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-(void)viewWillAppear:(BOOL)animated
{
   [super viewWillAppear:animated];
   UIImageView *imageView = [[UIImageView alloc] initWithFrame:CGRectMake(100, 100, 100, 100)];
   imageView.image = [UIImage imageNamed:@"Sample.png"];
   [self.view addSubview:imageView];
   NSArray *subviews = [self.view subviews];
   for(id element in subviews) {
      if ([[element class] isKindOfClass:[UIImageView class]]) //check if the object is a UIImageView
      {
         NSLog(@"element is a UIImageView\n");
         [element setCenter:CGPointMake(500., 500.)];
      } else {
         NSLog(@"element is NOT a UIImageView\n");
      }
   }
}

I expected the output to be "element is a UIImageView, but it's actually element is NOT a UIImageView. Why? It's not that there are other subviews. There is only one. Furthermore, when run, the image is displayed at 100,100, not 500,500 as expected.

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I tried simply changing the code to use UIImageView instead of id, and the results were the same. –  Victor Engel Nov 29 '12 at 5:47
1  
id can be used as reference. What you are missing is you are calling isKindOfClass method in wrong way. Check my answer. –  Rahul Nov 29 '12 at 5:48

2 Answers 2

up vote 19 down vote accepted

Your check is wrong. You should call isKindOfClass: on object and not on class of object.

[element isKindOfClass:[UIImageView class]]
share|improve this answer
    
+1. That is the issue here. –  iDev Nov 29 '12 at 5:51
    
Thank you! Now you mention it, it is obvious! I was inspecting it in the debugger, and the debugger was showing UIImageView, which was really frustrating me. I was just looking at the wrong part of the code to debug. Thanks again. –  Victor Engel Nov 29 '12 at 5:54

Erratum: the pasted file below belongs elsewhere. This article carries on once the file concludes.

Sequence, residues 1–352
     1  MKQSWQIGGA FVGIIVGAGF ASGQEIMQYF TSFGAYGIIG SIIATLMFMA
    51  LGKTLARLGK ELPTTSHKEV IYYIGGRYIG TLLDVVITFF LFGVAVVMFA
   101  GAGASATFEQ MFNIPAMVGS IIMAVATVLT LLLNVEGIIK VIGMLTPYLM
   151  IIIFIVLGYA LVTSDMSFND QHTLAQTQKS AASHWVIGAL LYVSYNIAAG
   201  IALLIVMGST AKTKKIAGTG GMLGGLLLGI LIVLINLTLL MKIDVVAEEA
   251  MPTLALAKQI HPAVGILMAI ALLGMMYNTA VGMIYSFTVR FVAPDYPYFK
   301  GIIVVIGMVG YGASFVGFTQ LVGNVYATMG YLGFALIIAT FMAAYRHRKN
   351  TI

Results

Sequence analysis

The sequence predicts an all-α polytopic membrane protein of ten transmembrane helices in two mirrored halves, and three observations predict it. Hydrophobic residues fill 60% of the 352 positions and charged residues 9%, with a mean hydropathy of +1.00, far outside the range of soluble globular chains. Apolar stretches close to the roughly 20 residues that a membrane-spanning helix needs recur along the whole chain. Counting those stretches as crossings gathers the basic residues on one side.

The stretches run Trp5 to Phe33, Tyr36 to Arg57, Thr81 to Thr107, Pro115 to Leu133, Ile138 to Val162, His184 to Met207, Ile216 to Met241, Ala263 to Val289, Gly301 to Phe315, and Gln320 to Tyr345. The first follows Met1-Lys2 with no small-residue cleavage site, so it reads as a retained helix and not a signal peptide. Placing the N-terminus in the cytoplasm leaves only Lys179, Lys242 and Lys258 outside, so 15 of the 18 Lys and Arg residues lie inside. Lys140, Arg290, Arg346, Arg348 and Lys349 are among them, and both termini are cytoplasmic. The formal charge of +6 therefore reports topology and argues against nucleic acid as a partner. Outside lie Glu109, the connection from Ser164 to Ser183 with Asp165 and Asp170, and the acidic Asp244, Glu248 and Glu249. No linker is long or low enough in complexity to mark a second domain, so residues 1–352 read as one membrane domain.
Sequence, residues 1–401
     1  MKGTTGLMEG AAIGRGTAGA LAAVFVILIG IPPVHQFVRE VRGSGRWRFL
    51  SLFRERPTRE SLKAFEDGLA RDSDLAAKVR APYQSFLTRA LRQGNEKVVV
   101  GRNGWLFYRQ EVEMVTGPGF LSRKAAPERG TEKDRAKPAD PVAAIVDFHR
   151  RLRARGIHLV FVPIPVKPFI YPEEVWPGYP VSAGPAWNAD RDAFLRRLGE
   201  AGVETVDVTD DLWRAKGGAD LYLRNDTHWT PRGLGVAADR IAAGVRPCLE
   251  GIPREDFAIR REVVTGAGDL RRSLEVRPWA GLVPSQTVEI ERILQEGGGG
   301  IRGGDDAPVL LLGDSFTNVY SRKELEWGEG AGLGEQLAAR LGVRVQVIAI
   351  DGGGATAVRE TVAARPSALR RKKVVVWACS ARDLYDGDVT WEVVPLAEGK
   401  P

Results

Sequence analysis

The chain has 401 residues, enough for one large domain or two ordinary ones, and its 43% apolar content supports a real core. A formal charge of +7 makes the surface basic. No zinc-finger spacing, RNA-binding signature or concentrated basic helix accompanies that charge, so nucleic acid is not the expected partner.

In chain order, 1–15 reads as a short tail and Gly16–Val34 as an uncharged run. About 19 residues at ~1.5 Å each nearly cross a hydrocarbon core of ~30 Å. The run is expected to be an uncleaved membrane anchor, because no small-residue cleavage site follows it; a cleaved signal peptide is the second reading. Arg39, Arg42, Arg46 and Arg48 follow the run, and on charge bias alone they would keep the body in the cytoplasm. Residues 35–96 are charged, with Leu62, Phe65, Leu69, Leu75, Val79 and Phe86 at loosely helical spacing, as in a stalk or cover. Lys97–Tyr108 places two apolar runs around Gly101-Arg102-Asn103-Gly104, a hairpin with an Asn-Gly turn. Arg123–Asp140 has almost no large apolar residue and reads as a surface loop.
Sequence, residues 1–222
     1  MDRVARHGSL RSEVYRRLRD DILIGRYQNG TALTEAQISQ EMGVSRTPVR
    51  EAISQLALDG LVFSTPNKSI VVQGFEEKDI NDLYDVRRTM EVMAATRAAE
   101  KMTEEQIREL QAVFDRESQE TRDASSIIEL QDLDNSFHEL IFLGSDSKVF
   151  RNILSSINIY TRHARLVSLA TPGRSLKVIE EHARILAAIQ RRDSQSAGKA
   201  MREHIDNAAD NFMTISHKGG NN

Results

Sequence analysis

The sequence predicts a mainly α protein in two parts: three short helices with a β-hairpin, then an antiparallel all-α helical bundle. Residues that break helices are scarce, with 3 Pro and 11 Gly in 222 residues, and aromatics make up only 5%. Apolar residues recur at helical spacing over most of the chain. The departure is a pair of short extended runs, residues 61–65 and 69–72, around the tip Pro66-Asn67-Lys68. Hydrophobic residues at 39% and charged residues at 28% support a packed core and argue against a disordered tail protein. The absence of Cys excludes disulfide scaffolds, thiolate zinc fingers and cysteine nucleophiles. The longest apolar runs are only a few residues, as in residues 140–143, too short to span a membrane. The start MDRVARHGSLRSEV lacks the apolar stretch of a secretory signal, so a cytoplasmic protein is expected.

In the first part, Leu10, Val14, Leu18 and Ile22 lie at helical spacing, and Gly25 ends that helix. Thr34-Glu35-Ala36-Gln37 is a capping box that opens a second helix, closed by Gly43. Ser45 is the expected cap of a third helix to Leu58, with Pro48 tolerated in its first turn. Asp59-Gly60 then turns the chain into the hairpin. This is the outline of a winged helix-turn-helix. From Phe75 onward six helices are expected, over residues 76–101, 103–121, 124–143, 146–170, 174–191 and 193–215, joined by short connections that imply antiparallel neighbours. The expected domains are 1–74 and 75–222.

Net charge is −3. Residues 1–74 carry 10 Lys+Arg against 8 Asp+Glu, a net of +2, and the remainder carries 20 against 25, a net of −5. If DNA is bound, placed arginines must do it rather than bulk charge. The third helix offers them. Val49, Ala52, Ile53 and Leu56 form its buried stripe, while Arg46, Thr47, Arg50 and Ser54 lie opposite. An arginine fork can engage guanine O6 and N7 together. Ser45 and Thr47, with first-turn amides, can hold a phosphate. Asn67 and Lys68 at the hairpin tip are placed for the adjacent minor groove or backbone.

Try the Following code.

-(void)viewWillAppear:(BOOL)animated
{
   [super viewWillAppear:animated];
   UIImageView *imageView = [[UIImageView alloc] initWithFrame:CGRectMake(100, 100, 100, 100)];
   imageView.image = [UIImage imageNamed:@"Sample.png"];
   [self.view addSubview:imageView];
   NSArray *subviews = [self.view subviews];
   for(UIView *view in subviews) {
      if ([view isKindOfClass:[UIImageView class]]) //check if the object is a UIImageView
      {
         NSLog(@"element is a UIImageView\n");
         [element setCenter:CGPointMake(500., 500.)];
      } else {
         NSLog(@"element is NOT a UIImageView\n");
      }
   }
}

You can also Check sub views by tag value:

initially set imageView.tag=101;  //anything you want

for(UIView *subview in [view subviews]) {
    if(subview.tag== 101)/*your subview tag value here*/
     {

 NSLog(@"element is a UIImageView\n");
    } else {
       NSLog(@"element is NOT a UIImageView\n");
    }
}
share|improve this answer
    
So it's because I didn't cast it? –  Victor Engel Nov 29 '12 at 5:39
    
Never mind. That is not working. The tag idea probably won't work for my project, unless I use the same tag for all images. There will be an unknown number of images with an unknown lifespan. –  Victor Engel Nov 29 '12 at 5:46
    
i Just edited my Answer if ([view isKindOfClass:[UIImageView class]]) Check Now. –  Siba Prasad Hota Nov 29 '12 at 5:48
    
It should be if ([view isKindOfClass:[UIImageView class]]) Your code wont compile. –  iDev Nov 29 '12 at 5:48
    
So in answer to my own question about casting, no. That's good, because the whole point of using isKindOfClass is that you possibly don't know the class. –  Victor Engel Nov 29 '12 at 6:00

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